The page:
We have had a nice run of corn and soybean prices for the past several years. Corn hit close to $7 per bushel in June of 2008 and soybeans followed suit settling somewhere around $16 per bushel.
Those prices did not last long and since that time we have seen a large retreat with current cash prices around $3.40 for corn and $9.80 for soybeans. The reality is that very few farmers actually received any of these record-high prices.
Most farmers follow some sort of a marketing plan and price their crops as the market moves along. If we average out what farmers actually received we would see prices all over the board from $2.75 to $7 with an average somewhere in the middle.
It was very fortunate for livestock producers that these high commodity prices did not persist as feed costs also reached all-time high and cut deeply into livestock producers bottom-lines.
These kinds of record high prices get everyone excited and we see things like input costs and land prices start to get over-valued. Not very long after we saw $7 corn we experienced an escalation in input costs such as fertilizer and seed. It seems that everyone wanted to get on the bandwagon and get their share of the money.
With that run-up in commodity prices and the unprecedented rise in crop input costs, the high corn and soybean prices did not keep up. Fertilizer is a good example of one of the input costs that spiraled out of control. Anhydrous ammonia hit all-time highs when prices went over $1200 per ton. That works out to over $.75 per pound of actual nitrogen, by far an all-time high. Just a few years ago, the same product was around $400 per ton and $.25 per pound of actual nitrogen.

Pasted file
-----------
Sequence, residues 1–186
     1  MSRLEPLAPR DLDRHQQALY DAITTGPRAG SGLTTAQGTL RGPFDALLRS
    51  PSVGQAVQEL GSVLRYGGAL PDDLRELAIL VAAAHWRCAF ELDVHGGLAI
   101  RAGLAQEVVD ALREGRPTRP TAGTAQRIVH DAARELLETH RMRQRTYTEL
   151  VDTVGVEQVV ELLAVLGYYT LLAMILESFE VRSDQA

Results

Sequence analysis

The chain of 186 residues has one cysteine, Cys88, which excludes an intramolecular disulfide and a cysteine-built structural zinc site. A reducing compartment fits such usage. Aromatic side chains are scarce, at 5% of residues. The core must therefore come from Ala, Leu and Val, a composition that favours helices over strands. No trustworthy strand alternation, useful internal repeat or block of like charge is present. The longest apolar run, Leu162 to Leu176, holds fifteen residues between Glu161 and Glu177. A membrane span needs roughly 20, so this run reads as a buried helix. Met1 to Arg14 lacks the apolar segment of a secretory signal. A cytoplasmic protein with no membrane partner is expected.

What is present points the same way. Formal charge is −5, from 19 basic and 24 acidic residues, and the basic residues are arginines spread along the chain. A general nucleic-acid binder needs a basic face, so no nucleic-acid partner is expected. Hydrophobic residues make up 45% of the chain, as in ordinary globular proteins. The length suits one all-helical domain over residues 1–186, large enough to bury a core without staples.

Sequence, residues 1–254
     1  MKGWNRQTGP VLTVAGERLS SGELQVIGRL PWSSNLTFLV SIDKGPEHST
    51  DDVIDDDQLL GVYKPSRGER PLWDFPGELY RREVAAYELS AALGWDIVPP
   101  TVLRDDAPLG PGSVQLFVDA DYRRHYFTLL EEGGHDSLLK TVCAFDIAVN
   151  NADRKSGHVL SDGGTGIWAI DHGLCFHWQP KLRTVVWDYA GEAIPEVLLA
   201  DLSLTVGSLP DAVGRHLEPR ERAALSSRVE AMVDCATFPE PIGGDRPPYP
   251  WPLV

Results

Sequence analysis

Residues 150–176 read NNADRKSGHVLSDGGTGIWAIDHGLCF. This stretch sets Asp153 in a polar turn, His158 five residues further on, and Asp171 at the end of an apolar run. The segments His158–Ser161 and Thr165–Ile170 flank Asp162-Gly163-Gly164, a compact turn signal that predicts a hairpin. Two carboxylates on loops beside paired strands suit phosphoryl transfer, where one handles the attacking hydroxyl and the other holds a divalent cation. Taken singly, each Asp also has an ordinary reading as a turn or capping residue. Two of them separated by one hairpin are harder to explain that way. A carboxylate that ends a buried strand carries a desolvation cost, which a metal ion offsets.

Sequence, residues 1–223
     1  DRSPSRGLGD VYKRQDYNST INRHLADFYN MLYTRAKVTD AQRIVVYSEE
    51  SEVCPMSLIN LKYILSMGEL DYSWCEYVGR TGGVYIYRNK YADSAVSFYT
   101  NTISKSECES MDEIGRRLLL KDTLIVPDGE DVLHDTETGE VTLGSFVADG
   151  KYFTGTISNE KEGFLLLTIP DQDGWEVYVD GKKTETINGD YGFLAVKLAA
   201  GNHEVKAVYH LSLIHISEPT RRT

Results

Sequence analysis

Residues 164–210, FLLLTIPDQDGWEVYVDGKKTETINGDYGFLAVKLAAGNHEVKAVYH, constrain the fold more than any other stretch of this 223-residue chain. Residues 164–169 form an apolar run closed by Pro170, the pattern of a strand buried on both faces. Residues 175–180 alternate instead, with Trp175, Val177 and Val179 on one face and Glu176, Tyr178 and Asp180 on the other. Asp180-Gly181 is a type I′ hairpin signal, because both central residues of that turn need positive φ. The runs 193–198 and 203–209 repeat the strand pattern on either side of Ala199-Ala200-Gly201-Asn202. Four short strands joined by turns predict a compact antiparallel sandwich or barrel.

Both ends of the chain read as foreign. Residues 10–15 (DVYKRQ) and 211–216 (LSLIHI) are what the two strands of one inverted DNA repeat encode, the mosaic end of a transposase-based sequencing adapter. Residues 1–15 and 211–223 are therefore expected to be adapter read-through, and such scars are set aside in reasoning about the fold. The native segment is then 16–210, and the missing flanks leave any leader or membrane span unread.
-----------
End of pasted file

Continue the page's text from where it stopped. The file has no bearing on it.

Blame has been placed on high petroleum prices and that was a factor. However, we never actually faced a shortage of this or any other fertilizer product. It's a little bit like the price of oil when it hit $147 per barrel last summer. Everyone had an excuse, but it boiled down to speculators and old-fashioned greed.
Fertilizer prices have come down somewhat, but we are still going to have to spend some money to produce the kind of yields that it will take to pay the bills.
So the question becomes, where do we go from here? Everything is not doom and gloom and we have weathered whose times than these. I was at a farm conference recently where the main speaker made the comment that the worst farming year for profitability on record was 1983. This was compared to the last 100 years of agriculture and adjusted for inflation and other factors. The second worst was 1933.
Many farmers farming today lived and farmed through the 1980's and we will survive this situation also. But we need to be cognizant of what we spend on certain inputs and one of the big ones is land rent.
Land rent - One of the biggest issues in farming in the past couple of years has been land rent. As corn and soybean prices rose over the past several years, so did land rent. There are stories out there of rents on the books for 2009 production for over $300 an acre. The reality is that current corn and soybean prices cannot sustain these rent levels. I feel that a fair cash land rent for 2009 should be from $155 to $160 acre. This is down somewhat from the numbers that we were discussing last fall. However, we do know that the agriculture economy has also changed dramatically and adjusts have to be made.